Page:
Patients can either self-refer after learning about MindSpot via the website (mindspot.org.au), online advertising, links from other mental health websites, recommendations by previous users or can take up referrals from health professionals. Patients first register online or via telephone and complete a detailed assessment questionnaire followed by telephone or secure email contact with a therapist to discuss symptoms and treatment options. Patients then choose between information to assist with self-management, referral to another service or ICBT. The clinic offers seven ICBT programs that have been validated in clinical trials, including transdiagnostic treatments designed to treat symptoms of anxiety and depression in several age groups [24
] and disorder-specific treatments for obsessive compulsive disorder [48
], post-traumatic stress disorder [50
], and chronic pain [51
]. All the treatment programs comprise of five lessons which provide the core information, delivered over eight-weeks. Additional resources targeting specific symptoms or difficulties are made available during treatment to assist patients tailor treatment to their own needs. Outcomes are measured using validated symptom scales that are administered weekly during treatment, on completion, and at a three-month follow-up. The therapists are all registered or provisionally registered mental health professionals who contact and monitor participants weekly during treatment via a secure email system or by telephone. The treatment patients are enrolled in cohorts every two weeks, with therapists each responsible for 50 or so patients. To date, more than 100,000 people have registered to use the clinic, and 25,000 have opted to receive ICBT.
2.2. Online Therapy Unit, Canada
The OTU has operated from the University of Regina in Saskatchewan since October 2010. Initial funding was provided by a federal research grant, but since 2015, the OTU has received stable funding from the Saskatchewan Ministry of Health. The OTU aims to provide therapist-guided ICBT for depression and anxiety and to educate providers of mental health care and conduct research on ICBT in routine practice [25
]. Clinic services are also provided to patients free of charge.
The OTU promotes services to patients via word of mouth primarily from health care providers, media reports, and both digital and print communication. Patients are encouraged to visit the clinic online (onlinetherapyuser.ca) and can either self-refer or are referred by a health professional. Patients first complete an online screening followed by telephone assessment.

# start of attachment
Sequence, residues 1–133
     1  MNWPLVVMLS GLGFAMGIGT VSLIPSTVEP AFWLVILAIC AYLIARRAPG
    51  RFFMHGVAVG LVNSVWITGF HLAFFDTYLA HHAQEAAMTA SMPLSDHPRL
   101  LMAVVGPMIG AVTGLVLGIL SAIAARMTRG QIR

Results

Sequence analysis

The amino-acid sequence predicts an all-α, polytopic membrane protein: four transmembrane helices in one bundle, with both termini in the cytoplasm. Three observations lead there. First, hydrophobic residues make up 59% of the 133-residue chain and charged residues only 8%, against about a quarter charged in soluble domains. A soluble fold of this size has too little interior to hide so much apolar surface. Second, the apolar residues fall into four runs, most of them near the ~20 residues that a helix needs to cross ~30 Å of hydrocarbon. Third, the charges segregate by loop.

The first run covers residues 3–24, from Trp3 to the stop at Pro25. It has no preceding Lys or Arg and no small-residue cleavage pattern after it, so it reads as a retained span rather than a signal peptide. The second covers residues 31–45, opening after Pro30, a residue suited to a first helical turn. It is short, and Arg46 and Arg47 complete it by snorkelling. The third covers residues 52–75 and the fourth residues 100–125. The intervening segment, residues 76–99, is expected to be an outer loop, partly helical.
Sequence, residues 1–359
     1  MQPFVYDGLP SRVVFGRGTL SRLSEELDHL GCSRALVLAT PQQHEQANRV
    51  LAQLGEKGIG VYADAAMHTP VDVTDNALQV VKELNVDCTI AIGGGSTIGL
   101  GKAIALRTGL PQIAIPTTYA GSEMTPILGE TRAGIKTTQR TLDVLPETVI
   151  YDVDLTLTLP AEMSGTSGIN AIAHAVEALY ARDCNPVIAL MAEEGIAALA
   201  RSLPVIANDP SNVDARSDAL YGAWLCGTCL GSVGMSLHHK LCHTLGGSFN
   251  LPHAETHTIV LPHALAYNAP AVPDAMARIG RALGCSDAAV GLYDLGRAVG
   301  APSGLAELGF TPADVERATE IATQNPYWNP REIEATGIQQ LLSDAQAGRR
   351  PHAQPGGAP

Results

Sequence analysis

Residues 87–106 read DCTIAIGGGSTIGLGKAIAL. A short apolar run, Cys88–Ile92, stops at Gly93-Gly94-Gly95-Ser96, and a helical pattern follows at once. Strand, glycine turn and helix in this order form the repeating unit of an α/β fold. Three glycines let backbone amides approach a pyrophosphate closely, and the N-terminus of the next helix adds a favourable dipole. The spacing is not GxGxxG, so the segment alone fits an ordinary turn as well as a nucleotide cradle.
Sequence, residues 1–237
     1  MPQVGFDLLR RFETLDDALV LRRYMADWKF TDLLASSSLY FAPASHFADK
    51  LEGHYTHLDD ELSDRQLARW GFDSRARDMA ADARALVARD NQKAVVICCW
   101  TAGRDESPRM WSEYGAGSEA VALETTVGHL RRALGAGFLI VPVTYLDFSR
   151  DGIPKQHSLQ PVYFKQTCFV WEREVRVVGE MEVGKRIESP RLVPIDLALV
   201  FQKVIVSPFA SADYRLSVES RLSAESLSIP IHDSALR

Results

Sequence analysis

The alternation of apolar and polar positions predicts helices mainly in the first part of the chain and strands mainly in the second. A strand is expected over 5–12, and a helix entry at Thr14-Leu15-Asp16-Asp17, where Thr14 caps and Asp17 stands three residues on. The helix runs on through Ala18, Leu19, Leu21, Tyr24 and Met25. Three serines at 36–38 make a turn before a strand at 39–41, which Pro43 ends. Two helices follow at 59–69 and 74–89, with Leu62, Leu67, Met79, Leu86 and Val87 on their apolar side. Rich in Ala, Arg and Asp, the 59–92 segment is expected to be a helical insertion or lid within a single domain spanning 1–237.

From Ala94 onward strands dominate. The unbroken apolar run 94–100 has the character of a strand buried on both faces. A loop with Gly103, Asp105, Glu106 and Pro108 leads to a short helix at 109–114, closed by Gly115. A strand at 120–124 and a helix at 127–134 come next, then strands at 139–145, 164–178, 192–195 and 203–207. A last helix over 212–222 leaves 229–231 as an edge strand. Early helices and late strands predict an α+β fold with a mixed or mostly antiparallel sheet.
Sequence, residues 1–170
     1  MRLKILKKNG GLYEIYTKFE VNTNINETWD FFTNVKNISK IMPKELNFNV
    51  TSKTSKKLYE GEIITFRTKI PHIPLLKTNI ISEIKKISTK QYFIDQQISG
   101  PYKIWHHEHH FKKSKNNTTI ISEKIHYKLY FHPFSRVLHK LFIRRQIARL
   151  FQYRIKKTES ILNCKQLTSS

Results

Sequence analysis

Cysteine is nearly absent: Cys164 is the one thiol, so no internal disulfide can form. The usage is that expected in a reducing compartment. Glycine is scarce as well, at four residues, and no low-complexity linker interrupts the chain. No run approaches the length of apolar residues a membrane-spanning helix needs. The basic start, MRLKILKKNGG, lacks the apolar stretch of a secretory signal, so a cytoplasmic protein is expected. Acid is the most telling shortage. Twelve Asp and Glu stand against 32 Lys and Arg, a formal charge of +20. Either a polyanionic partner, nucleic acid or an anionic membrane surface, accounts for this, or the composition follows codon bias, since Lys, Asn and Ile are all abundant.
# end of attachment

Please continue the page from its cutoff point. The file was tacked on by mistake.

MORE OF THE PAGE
The OTU delivers several ICBT programs including an adaptation of the Wellbeing course developed at Macquarie University and used at the MindSpot Clinic [44
]. Clinically validated patient reported outcome measures (PROMS) of anxiety and depression are administered regularly during treatment, at post-treatment, and at three-month follow-up. Therapists are registered mental health professionals or graduate students under supervision employed by the clinic or by publicly funded community clinics located in other parts of Saskatchewan. During treatment, patients receive weekly therapist contact primarily via secure email or by telephone to assist in applying the skills taught during treatment. Since October 2010, the clinic had assessed more than 5400 patients, 4200 of whom have received ICBT [23
4. General Discussion
This paper aimed to assist other emerging DMHS by sharing ten lessons we learned from successfully delivering DMHS to very large numbers of consumers. Some of these lessons might seem obvious, but their importance was not always apparent when we started our services. Several key themes are discussed below, followed by recommendations.
One theme is that we expect that demand for this service model will grow. The number of patients treated using ICBT in the OTU has more than doubled in the past four years. The threshold for accessing this model of care is significantly lower than traditional face-to-face services and consumers are becoming increasingly comfortable with using technology to access a broad range of services, including health services. Along with a growth in numbers, we expect that existing DMHS will become more tailored to different populations, for example, people in certain occupations, different cultures, or who have been referred from different pathways, although our experience is that the extent to which the treatment course materials need to be customised is considerably less than expected [56